Whenever school holiday times come around, one of two things happen every week night in our household. Either my wife and I do paper, rock, scissors to decide who is going to skip work the next day to entertain our two boys aged 8 and 6. Or we do paper, rock, scissors to decide which of our parents we are going to burden the next day to do the same.
This time, however, we decided to both skip work and entertain the kids up on the Gold Coast of Australia. For those who don’t know, Gold Coast is essentially a stretch of beachside towns in Queensland, about an hour’s flight from Sydney. It is where high school kids go to binge-drink in gaudy bars, small kids go to run amok in theme parks and 41 year-old fathers go to ogle at bikini-clad ladies.
This time, however, I had another objective, namely, to run the Gold Coast marathon. This was to be my swansong. This was to be the last competitive race that I would pay money to inflict pain on myself.
But … but only if I finish the race under 3 hours and 50 minutes!
And, as an added incentive to achieve this goal, my wife booked a fancy buffet lunch at 12.30pm on the day of the race – an appointment that definitely requires me to finish under 3 hours and 50 minutes, unless I want to turn up at the swanky restaurant with my body in sweaty gear and my face in salty smear.
It was perfect weather on the big day, with temperature at 18 degrees Celsius and not a cloud in the sky. In fact, everything was perfect for the first 23km. Ever present to my left was the pristine stretch of golden sand and sparkling ocean so beautiful that it made my heart ache. Ever present to my right was the endless stretch of spectators so supportive that it made my spirits soar. Without seemingly trying, I maintained a solid 5 minutes per km pace for those first 23km, and even had the energetic temerity to high five any roadside children who were holding out their little hands.
As usual, however, it all began to unravel around the 32km mark. My mind started playing games, asking me why I’m doing this to myself when I could be lounging around on the beach ogling at bikini-clad ladies. My hamstrings joined in the protest, threatening to seize up at every opportunity. And by the 36km, I even started to resent the sun, as the heat was too much to bear and I could literally feel my body dehydrate.
Through all that anguish and pain, there was one thing that kept me going. No, it wasn’t the goal of finishing under 3 hours 50 minutes. It wasn’t the bragging rights to trumpet to family and friends back home.
No, the thing that kept me going during those final dark kilometres was the thought of the tantalising buffet lunch that my wife booked at 12.30pm that day. The seafood, the meat, the pasta and the salad – all washed down with a cold beer (or two) and topped with a dessert (or five). Indeed, in the last 800m before the finish line, I think I was hallucinating, as the crowd of cheering spectators resembled, in my eyes’ mind, a massive buffet table with an orgy of food and drinks, all cheering me on to eat them!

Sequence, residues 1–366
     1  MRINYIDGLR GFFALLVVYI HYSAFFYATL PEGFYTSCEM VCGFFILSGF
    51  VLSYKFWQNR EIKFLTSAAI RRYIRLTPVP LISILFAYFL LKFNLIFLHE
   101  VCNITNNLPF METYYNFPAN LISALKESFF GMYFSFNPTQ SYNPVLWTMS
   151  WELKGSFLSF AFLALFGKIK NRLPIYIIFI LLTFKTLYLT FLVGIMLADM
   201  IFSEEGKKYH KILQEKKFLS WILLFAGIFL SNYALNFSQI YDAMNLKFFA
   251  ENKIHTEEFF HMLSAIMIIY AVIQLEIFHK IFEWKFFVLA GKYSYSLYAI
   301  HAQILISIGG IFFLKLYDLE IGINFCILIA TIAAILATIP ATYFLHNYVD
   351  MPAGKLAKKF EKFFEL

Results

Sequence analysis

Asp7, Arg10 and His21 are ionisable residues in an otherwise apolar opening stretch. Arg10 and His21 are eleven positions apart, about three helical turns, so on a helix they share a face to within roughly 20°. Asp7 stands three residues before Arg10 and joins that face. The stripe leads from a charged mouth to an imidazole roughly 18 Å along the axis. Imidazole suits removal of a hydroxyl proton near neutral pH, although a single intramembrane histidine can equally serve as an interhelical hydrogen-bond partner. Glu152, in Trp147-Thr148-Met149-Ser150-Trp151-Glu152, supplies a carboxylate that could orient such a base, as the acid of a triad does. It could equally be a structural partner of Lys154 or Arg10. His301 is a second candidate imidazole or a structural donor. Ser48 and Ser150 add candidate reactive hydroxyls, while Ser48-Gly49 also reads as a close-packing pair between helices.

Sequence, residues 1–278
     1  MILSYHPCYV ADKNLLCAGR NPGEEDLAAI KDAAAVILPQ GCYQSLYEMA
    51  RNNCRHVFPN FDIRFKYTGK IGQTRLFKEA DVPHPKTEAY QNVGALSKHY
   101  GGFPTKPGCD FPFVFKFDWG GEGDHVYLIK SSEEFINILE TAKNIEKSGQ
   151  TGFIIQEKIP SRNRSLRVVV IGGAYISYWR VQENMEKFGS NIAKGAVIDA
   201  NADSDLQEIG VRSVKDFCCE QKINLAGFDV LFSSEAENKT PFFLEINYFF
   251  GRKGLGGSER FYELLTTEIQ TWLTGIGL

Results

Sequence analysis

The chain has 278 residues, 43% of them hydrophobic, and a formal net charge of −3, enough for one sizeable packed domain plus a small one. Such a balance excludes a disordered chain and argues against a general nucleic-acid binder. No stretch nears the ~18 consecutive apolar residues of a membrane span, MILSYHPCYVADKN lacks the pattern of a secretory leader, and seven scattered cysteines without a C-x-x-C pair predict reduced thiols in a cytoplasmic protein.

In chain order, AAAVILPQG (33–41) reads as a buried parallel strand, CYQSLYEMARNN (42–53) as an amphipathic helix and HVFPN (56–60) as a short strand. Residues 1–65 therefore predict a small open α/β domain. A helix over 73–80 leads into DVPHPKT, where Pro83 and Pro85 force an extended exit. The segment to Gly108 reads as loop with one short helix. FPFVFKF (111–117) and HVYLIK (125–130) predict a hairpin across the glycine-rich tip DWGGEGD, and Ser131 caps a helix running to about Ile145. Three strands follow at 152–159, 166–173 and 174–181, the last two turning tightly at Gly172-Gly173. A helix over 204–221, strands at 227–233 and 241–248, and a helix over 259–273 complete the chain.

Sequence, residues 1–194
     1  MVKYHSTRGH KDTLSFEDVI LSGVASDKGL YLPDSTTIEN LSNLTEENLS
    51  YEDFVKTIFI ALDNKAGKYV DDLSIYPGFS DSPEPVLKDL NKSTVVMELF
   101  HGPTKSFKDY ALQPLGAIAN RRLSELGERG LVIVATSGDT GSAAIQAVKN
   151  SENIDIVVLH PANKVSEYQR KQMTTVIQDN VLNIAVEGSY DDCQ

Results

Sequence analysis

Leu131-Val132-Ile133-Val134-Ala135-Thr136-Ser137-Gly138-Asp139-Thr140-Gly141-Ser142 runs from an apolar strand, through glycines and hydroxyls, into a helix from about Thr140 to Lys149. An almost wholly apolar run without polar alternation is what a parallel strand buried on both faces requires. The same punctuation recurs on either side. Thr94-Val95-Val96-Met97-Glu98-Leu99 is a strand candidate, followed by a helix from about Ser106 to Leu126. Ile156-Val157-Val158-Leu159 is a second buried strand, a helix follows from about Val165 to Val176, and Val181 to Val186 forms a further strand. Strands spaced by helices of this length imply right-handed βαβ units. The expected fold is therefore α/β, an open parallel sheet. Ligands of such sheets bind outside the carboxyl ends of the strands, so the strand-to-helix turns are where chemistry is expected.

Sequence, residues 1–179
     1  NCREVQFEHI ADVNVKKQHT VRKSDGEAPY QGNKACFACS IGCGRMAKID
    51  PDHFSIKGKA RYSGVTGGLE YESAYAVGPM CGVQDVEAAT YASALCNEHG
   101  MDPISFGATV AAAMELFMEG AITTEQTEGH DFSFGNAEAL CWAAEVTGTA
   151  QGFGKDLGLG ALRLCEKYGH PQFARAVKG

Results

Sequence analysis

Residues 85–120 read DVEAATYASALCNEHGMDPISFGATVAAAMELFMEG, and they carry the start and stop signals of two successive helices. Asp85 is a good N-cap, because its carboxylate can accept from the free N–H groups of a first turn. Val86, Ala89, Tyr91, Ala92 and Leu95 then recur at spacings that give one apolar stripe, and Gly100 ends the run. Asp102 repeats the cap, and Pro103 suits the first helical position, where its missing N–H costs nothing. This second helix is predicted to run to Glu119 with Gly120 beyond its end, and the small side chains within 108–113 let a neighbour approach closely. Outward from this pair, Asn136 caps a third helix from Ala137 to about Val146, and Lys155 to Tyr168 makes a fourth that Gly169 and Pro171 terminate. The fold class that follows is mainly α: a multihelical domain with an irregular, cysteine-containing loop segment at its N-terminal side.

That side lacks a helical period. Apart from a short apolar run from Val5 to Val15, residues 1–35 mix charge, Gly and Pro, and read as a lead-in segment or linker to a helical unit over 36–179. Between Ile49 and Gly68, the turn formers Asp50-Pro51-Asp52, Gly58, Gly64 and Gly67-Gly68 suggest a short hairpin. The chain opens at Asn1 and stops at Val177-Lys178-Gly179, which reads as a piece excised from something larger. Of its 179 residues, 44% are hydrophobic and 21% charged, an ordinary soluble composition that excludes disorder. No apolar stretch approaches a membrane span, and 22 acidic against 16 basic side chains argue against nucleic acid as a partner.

The final time? 3 hours and 45 minutes! 5 minutes ahead of my goal and 4 minutes faster than my previous Personal Best. I would like to say that I was elated at the end with the achievement, and filled with pride. But, in truth, I was just obsessed about getting back to the hotel to clean up and then make it to the buffet. In fact, from the 36km mark to 12.30pm, all I thought about was the buffet.
“Congratulations! Here’s your finisher’s shirt and medal“, offered a cheerful girl at the finish line.
“I need to go to the buffet!“, was my reply.
“Would you like to try our brand new energy drink?”
“I need to go to the buffet!“.
“Please walk this way to catch the shuttle bus back to the main city.”
“I need to go to the buffet!“.
“Sir, do you have a ticket for this shuttle bus?”
“I NEED TO GO TO THE BUFFET!“.
A trip all the way to the Gold Coast to run a marathon and, on the day, it was all about the buffet and nothing else!!!
On reflection, yes, I am very pleased with my effort in the marathon. A beautiful day, an extremely supportive crowd and a scenic course, all culminating in a PB time. I am also looking forward to not participating in any more races (unless, of course, if it is New York, Tokyo or Berlin marathon). In recent times, I have noticed that I’m dreading the thought of training and struggling to find the time to do so.
That is not to say I will be giving up running. No, siree! I am simply looking forward to running just for fun and relaxation.
After all, I have a name to live up to!
Keep on pounding.